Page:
We would also like you to perform simple statistical tests to show if English was the most likely language or not in the original message. Also you should be able to prove if the code is the beginning letter of a sequence of words or is composed of whole words. A list of letter frequency rankings for different languages can be found here.
Then if you have time and if you are excited to take this project to a higher level you can start to check out the work of the great electrical engineer Claude Shannon and apply his techniques from information theory. You can measure the information content in the message in terms of bits for starters.
If you knock off this project too easily and are looking for a harder code cracking problem to try your software out on, you can progress to analyzing another famous unsolved mystery: the Voynich Manuscript
- We don't really expect you to find the killer, though that would be cool if you do and you'll become very famous overnight.
- To get good marks we expect you to show a logical approach to decisively eliminating which coding schemes were definitely not used.
- In your conclusion, you need to come up with a short list of likely possibilities and a list of things you can definitely eliminate that the code is not.
- We expect you to critically look at the conclusions of the previous project groups and highlight to what extent your conclusions agree and where you disagree.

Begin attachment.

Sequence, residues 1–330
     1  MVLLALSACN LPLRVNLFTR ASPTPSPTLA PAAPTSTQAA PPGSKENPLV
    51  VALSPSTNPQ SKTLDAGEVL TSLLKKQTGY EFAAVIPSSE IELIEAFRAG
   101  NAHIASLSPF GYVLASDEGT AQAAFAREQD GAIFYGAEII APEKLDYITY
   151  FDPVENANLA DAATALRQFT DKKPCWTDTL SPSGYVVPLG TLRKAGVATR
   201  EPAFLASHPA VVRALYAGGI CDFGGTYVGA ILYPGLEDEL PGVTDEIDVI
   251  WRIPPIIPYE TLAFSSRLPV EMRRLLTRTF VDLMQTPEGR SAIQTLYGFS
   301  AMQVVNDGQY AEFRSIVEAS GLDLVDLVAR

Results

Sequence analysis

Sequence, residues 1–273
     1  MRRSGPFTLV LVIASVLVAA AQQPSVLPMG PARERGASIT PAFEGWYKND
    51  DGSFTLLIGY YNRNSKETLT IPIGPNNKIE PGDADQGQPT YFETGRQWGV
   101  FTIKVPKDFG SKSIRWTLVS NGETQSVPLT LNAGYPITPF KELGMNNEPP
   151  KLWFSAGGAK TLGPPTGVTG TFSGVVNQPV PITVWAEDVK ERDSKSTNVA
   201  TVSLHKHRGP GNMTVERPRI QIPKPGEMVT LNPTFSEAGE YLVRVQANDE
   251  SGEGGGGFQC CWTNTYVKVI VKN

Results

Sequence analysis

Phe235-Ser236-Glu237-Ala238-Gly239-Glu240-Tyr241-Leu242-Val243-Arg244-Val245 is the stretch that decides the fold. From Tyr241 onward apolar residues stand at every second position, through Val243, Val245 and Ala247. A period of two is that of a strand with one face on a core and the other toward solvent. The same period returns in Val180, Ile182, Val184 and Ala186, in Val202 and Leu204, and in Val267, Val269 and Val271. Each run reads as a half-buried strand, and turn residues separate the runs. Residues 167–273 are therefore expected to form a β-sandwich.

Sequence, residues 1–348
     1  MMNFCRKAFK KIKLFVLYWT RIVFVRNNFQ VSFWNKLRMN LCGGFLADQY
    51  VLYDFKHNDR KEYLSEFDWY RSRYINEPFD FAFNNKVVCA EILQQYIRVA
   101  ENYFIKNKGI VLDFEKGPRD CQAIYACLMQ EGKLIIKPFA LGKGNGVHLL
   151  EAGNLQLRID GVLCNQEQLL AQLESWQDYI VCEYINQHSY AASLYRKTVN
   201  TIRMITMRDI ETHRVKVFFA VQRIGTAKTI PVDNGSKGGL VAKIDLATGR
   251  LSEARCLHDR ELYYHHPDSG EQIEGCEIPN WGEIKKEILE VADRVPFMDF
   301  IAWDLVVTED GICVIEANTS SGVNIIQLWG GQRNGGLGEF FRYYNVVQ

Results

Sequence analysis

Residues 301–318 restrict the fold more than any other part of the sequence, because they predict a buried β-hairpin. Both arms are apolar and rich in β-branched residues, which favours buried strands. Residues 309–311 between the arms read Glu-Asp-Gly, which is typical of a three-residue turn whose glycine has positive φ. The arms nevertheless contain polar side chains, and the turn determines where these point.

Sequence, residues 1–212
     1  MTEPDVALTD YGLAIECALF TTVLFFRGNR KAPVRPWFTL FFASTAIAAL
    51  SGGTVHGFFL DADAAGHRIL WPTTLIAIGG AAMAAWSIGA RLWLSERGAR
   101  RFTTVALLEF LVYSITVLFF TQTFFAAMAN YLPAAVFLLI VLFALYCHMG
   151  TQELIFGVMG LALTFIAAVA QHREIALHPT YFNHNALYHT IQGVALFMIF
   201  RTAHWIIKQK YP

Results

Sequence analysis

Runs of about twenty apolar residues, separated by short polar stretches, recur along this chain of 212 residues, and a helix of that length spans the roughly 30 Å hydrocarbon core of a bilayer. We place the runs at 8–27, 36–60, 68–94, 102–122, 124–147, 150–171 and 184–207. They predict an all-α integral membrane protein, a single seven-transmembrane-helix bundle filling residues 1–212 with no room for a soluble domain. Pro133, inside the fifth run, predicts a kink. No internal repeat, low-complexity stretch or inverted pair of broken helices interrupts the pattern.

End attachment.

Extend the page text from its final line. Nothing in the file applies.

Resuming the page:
- We expect all the written work to be place on this wiki. No paper reports are to be handed up. Just hand up a CD with your complete project directory at the end. One CD for each group member.
- It is expected that you fill out a short progress report on the wiki each week, every Friday evening, to briefly state what you did that week and what the goals are for the following week.
- It is important to regularly see your main supervisors. Don't let more than 2 week go by without them seeing your face briefly.
- You should be making at least one formal progress meeting with supervisors per month. It does not strictly have to be exactly a month, but roughly each month you should be in a position to show some progress and have some problems and difficulties to discuss.
- The onus is on you to drive the meetings, make the appointments and set them up.
- You are expected to make a YouTube presentation of your whole project.
Relationship to possible career path